list: [2, 3, 4, 5, 6, 7, 8, 9]
current_item: 5
select_size: 3

result: [4, 5, 6]

list: [2, 3, 4, 5, 6, 7, 8, 9]
current_item: 2
select_size: 5

result: [2, 3, 4, 5, 6]

list: [2, 3, 4, 5, 6, 7, 8, 9]
current_item: 8
select_size: 5

result: [5, 6, 7, 8, 9]

Post-processing – refocusing of light field images using the Fourier Slice Photograph set

I am trying to refocus images from a microlens array light field using Renier's Fourier Slice photo set, which can be found in his thesis, Chapter 5, Equation 5.7. You can find this at -thesis% 20Lytro.pdf

In other words, the Fourier slice photography set means that a photograph is the inverse 2D Fourier transform of an extended 2D layer in the 4D Fourier transform of the light field.

Part of my confusion is the notation and applying in Python to a captured light field image. At first I understand what the Fourier transform is, but when Ng says 4D Fourier transform the light field, I'm not sure how to interpret it. I currently have my light field as a NumPy array, so my values ​​for u = i, v = j index on the different images with subaperture, each pixel in the image with subaperture having an x ​​and y coordinate, which gives me a 4D Light field array.

        lf_img = cv2.imread(lf_img, -cv2.IMREAD_ANYDEPTH)
        row_lens = lf_img.shape(0)/14 #14 is pixels under a microlens in this direction
        col_lens = lf_img.shape(1)/14 # 14 is pixels under a microlens in this direction
        vp_imgs = np.zeros((14,14,int(row_lens),int(col_lens),3))
        for i in range(14):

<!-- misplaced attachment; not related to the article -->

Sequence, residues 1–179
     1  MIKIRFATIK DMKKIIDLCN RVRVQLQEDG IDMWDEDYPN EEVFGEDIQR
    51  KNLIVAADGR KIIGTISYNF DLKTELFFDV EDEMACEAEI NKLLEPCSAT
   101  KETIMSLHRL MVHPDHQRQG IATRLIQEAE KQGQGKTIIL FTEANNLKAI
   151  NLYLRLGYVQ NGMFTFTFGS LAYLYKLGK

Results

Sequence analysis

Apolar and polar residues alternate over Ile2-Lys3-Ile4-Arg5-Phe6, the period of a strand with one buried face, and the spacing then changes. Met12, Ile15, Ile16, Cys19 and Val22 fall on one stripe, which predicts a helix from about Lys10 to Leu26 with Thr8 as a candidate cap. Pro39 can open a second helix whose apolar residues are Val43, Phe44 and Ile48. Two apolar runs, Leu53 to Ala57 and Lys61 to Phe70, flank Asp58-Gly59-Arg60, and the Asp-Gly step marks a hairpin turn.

for j in range(14):
                vp_imgs(i, j, :, :, :) = lf_img(i::14, j::14, 0:3) ##U,V,X,Y,(RGB)

Then I see pictures like this in Ng's thesis, where it looks to me like he just took the 2D Fourier transform of each lenslet and arranged it in a grid . So I'm not entirely sure how to interpret this 4D Fourier transform and how to cut. Thank you so much!

Example of what type of light field image I work with:

Slice a Val and attach it to the end

I am trying to create a code that intersects a value and appends it to the end to create encryption.

So far I've got this:

def rotate(s: String, os: Int): String =
  (s + s).slice(os, os + s.length)

However, I am tasked with this & # 39; rotation & # 39; to output as a Map(Int, String) =
Ideas for the best ways to do this.
Thank you very much

What's the big o-notation for this problem when creating sub-arrays with .slice and while-loop in Javascript?

Problem: Given a given array and sub-array size (chunk size), write a function to create many sub-arrays for storing the array elements, where each sub-array has the specified sub-array size .

The data provided are, for example:
(1,3,2,3) and subarray size: 2

Expected performance, ((1.3), (2.3))

For this solution, can I say below that the Big O-time complexity is O (log N)?

const createSubArrays = (arr, subArraySize) => {
  let index = 0
  const resultArr = ()
  while(index < arr.length){
    index = index + subArraySize
  return resultArr

console.log(createSubArrays((1, 3, 2, 3), 2));

Algorithm – Faster way to count the number of discrete values ​​in a slice?

I am currently using this to count the number of discrete values ​​in a particular one ()string. Is there a faster way to do this?

func CountDiscrete(x ()string) int {
    discrete := 0

    for i,xi := range x {
        is_discrete := true
        for j,xj := range x {
            if i != j {
                if xi == xj {
                    is_discrete = false

        if is_discrete {
            discrete = discrete + 1

    return discrete